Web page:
Friday, February 12, 2010

Great Backyard Bird Count

Today was the first day of the Great Backyard Bird Count. This is my favorite count (although I think I say that about every bird count.) Rules are simple: count for 15 minutes or more, any or all of the four days of the count, anywhere you want. Report the most of each species you see at any one time. I do this while milking goats and mucking out the horse barn. Some people do it while looking out their window.

Since I feed the birds grain in front of the goat barn every morning, they are accustomed to showing up about 9 a.m. This morning they cooperated nicely.  Snacking away were California Quail, Spotted Towhees, Scrub Jays, Steller Jays, Golden-crowned Sparrows, White-throated Sparrows, Song Sparrows, Fox Sparrows, and Dark-eyed Juncos (Oregon variety plus one Slate-colored). I took a break from chores to snap photos. Pictured are a handsome Spotted Towhee, a male California Quail on the run, a Golden-crowned Sparrow with his mouth full, and that photogenic White-throated Sparrow that was also pictured in an earlier blog.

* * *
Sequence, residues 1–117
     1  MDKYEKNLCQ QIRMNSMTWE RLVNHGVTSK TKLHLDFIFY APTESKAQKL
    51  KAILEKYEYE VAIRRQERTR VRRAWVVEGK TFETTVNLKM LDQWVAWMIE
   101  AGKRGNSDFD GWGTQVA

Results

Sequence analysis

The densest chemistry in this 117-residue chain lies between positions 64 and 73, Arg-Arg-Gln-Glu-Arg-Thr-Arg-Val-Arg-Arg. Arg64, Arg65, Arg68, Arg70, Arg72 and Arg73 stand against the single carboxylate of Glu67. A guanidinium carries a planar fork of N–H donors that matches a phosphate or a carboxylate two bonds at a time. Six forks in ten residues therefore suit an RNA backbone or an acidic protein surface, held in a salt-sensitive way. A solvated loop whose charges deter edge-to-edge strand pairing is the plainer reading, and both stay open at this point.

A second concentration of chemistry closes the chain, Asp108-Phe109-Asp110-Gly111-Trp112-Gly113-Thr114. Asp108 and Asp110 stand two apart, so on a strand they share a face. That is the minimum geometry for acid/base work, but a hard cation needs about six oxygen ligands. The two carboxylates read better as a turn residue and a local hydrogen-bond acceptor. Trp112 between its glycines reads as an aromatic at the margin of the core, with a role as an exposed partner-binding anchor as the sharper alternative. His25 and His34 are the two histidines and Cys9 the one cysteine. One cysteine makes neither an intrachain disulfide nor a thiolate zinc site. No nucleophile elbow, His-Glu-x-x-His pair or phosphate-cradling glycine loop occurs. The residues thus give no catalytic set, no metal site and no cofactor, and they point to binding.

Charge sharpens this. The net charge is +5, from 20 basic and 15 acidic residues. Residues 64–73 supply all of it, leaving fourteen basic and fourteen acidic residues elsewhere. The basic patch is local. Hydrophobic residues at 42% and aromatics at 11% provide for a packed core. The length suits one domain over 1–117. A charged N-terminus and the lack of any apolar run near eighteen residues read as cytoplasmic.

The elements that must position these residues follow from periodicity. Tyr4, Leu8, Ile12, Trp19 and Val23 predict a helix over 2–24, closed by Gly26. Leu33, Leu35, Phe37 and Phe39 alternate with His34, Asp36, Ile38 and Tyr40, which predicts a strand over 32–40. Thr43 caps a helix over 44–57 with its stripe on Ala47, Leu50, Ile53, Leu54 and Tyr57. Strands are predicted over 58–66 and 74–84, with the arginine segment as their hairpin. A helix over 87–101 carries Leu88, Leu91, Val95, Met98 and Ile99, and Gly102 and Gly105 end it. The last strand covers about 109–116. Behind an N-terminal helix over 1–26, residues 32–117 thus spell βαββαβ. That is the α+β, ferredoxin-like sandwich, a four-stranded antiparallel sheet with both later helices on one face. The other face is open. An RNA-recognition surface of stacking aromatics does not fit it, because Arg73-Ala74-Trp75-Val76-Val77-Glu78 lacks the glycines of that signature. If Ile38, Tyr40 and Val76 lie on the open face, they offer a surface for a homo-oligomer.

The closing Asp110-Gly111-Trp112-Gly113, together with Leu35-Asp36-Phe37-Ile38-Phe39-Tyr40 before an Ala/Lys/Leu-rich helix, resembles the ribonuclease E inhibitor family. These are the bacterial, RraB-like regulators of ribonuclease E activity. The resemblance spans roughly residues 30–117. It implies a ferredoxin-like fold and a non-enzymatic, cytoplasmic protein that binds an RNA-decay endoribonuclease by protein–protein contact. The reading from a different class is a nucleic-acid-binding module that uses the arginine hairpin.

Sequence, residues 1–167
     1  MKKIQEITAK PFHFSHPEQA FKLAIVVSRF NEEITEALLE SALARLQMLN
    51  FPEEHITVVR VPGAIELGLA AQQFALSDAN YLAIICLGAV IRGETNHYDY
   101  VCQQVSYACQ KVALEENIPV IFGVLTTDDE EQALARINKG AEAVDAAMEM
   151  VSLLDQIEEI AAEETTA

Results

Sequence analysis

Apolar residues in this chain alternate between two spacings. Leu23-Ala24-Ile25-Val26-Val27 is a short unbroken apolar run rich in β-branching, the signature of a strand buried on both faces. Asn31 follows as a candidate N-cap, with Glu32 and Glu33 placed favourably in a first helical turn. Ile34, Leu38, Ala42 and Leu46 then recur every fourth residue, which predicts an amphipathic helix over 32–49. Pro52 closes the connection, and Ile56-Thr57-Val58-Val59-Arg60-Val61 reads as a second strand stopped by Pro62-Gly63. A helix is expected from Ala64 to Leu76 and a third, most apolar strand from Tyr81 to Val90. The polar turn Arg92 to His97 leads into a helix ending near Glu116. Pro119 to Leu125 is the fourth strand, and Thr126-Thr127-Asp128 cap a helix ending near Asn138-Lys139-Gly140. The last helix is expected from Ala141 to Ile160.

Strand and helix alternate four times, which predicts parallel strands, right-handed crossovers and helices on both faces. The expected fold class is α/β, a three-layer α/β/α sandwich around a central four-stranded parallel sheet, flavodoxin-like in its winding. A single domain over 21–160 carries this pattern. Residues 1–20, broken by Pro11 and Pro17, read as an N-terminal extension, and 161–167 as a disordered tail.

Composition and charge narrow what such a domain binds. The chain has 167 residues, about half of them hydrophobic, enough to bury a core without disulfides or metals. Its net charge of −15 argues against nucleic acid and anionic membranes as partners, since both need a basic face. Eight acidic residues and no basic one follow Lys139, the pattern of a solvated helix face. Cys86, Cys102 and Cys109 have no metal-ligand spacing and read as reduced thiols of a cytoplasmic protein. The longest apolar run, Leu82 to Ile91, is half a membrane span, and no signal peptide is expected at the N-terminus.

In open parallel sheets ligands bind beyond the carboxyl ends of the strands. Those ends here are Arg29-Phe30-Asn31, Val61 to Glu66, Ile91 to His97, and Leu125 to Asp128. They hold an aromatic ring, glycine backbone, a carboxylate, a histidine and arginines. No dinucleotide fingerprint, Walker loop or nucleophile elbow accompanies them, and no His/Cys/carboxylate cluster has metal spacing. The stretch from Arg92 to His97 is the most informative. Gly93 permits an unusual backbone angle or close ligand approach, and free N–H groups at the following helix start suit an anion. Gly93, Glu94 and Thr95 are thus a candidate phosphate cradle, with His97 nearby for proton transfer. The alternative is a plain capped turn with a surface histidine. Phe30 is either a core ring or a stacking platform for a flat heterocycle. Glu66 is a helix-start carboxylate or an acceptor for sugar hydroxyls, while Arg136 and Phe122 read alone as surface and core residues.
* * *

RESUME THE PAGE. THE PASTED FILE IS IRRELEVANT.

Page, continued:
Anyone can participate in this fun count and there are prizes! Go to the website and check it out.:  This is a great count for kids. (Ingrid, are you listening?)


  1. Yes, I would totally count. I got a nice e-mail telling me all about it and I figured out where I would go and then realized... I don't know what birds I am looking at. We have a lot of finchy looking things here but they are all sort of subtly different. I just don't know my birds, although I do like them a lot. And the kids are no better (of course). So unless they want "3 grey-ish ones" and "25 brown ones", we had better hold off on the Great American Backyard Bird count.

  2. Now, Ingrid. Must I buy you a bird identification book? This is not rocket science. You are a bright woman. I recommend Harry Nehls very inexpensive little book, Familiar Birds of the Northwest, that you can probably get at any bookstore or feed store. In the spring, there are morning bird walks in Portland where you and your kids can learn what local birds look and sound like. I'll send you info when they start up again. Bird on!

  3. Went to the audubon society and got a bird book as well as a "Common Bids of Portland" plastic tri-fold thing to put in the window near the bird feeder. Kids like it! They eagerly looked up a common robin while I bit my tongue... because I knew THAT one!

  4. Hooray! Your kids will be identifying birds for you in no time. :-) Ask at the Audubon Society for information on bird walks. I haven't seen anything yet but they should be some coming up soon.